MindTouch, a maker of open-source wiki-style collaboration tools, said it has hit good benchmarks in revenue and customer growth for its MindTouch Deki collaboration platform.

The San Diego, Calif.-based company is announcing today that its software is selling well in the tough economy because it saves companies money by reducing the time and cost involved in setting up a web site in multiple languages. The company calls its wiki-like software a social enterprise platform.

One of its interesting new features is “polyglot support.” With it, a developer can use the Deki Wiki tool to post updates in multiple languages.

This means a web developer can integrate multiple languages into a single site, rather than create a separate site for each language. In addition, users visiting the site can search across all languages, with the search results prioritized to that user’s language.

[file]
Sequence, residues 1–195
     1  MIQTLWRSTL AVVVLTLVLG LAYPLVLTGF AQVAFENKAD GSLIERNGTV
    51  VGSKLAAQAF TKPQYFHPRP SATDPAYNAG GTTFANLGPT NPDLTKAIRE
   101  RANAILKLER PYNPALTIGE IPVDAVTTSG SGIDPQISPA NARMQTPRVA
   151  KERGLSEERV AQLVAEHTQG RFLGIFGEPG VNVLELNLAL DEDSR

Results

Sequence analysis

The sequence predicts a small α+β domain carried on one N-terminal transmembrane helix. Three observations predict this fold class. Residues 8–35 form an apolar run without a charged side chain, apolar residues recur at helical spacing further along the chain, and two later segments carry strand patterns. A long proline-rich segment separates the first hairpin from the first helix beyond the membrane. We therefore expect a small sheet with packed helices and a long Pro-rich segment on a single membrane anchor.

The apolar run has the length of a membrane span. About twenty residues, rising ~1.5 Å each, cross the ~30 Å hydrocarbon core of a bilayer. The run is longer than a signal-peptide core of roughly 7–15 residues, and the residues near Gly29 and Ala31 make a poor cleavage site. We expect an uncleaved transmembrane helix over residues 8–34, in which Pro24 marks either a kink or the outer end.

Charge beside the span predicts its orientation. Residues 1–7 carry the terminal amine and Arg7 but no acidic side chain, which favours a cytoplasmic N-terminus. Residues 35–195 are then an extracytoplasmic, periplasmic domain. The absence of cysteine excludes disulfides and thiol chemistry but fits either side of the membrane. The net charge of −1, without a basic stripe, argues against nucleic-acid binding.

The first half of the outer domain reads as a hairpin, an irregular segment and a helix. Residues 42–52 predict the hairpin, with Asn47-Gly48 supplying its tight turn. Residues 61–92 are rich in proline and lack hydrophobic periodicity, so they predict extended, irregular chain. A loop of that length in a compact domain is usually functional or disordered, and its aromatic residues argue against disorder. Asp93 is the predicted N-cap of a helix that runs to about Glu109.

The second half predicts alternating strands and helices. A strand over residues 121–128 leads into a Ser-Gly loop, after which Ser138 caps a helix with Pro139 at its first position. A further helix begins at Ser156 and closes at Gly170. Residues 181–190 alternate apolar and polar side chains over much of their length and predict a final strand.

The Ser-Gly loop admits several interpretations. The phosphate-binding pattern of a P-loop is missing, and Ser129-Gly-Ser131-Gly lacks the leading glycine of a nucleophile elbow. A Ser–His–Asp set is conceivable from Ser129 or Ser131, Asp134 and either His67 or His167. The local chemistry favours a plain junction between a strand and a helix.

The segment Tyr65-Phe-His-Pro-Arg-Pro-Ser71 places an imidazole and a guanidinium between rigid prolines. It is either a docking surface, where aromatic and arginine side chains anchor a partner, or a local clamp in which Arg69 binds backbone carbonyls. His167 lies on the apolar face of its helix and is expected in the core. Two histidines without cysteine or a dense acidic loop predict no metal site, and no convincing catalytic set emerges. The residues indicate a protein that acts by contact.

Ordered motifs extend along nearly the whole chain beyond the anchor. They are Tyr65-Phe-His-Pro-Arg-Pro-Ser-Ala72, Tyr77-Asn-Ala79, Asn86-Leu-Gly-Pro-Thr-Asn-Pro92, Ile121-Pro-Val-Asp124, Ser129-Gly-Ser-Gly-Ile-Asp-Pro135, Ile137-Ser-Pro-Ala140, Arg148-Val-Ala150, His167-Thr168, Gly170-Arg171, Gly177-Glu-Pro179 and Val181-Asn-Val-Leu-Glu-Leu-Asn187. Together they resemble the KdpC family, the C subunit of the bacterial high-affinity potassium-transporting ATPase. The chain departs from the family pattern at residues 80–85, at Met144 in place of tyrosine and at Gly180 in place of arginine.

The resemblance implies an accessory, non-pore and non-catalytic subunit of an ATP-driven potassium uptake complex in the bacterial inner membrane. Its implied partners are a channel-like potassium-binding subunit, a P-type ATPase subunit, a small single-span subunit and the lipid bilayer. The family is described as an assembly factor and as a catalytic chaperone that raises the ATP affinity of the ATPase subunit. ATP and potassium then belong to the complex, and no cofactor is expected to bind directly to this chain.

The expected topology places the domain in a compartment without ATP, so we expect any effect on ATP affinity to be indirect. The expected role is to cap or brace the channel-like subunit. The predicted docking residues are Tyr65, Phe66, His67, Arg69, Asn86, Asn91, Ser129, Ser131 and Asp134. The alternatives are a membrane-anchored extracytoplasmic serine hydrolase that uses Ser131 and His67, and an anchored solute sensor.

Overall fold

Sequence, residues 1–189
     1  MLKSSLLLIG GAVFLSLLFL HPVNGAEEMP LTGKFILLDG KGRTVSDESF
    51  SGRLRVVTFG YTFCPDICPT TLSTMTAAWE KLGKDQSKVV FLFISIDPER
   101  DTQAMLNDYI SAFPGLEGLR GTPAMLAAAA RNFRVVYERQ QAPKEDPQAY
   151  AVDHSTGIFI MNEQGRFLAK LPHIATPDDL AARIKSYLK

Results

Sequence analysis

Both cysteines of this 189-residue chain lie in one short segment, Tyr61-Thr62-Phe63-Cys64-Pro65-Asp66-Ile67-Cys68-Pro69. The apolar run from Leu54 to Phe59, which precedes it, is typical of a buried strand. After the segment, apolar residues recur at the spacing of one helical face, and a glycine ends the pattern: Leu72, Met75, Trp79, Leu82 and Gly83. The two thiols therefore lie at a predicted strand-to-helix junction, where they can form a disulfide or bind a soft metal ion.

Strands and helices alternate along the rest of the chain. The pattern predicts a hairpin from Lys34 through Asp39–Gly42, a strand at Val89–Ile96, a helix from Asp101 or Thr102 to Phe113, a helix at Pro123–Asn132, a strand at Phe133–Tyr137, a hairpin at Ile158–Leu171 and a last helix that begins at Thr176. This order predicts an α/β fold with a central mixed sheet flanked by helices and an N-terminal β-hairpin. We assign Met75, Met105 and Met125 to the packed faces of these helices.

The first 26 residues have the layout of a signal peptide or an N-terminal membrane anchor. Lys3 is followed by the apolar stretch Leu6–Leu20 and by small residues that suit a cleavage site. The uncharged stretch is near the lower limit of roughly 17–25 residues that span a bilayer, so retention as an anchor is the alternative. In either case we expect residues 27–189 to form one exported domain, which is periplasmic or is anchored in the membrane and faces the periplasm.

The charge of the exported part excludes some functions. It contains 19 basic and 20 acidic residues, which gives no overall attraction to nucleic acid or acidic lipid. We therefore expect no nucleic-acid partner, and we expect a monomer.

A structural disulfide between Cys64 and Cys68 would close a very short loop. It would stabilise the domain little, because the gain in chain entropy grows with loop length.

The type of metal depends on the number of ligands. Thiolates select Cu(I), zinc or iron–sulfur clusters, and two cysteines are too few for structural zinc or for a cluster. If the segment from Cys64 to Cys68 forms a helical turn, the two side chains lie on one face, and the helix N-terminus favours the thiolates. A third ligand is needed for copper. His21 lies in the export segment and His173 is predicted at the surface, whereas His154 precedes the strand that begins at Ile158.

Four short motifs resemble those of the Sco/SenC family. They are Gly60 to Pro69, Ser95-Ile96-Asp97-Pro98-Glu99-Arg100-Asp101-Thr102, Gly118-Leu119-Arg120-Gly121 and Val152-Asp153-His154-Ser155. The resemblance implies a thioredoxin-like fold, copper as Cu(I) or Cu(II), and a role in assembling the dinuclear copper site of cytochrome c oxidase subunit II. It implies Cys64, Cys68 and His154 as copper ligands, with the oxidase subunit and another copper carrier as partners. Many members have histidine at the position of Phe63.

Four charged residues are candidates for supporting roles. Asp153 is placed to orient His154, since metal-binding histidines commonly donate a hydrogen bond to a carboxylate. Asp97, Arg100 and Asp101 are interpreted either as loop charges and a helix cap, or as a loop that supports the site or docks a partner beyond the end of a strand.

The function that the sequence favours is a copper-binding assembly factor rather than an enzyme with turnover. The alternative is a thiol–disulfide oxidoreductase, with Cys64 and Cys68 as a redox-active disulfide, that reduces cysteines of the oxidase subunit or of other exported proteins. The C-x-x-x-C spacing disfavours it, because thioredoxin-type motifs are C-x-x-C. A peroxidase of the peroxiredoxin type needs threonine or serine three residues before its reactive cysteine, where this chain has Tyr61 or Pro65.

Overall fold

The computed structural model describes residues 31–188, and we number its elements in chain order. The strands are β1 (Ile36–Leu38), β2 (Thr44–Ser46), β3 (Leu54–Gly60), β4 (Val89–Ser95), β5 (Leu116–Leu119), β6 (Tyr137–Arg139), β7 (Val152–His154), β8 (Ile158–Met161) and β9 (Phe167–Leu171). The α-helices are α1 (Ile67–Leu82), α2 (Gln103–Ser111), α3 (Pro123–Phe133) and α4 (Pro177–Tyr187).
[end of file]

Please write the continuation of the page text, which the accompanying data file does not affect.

The developer can use the tool to design a web page in English. They can then include a button that switches the user to that same page in another language. The user-interface for the page stays the same, but the words are in a different language.

In the year ended October, the company says its revenue grew 612 percent while the number of customers grew 368 percent. The company launched a new version of its software for developing large web sites in May.

New customers include: the United Nations, National Institute of Health, City of Surprise Arizona, the Harvard Kennedy Business School, Michigan State University, Dearborn Michigan School District, Cornerstone Research, Mission Ventures, SEI Inc., Temenos, Universal Hospital Services, Baxter Healthcare, Regeneron, Bill Me Later, Intel, RightScale, Zmanda, Motricity, Novell, Intuit, Television Ontario, and Newseum.

The company says it has also signed new customers since the economic turmoil began. In the last three weeks, it signed a big tech company, two pharmaceutical companies, and a medical technology company. But it said it was not yet allowed to identify them.

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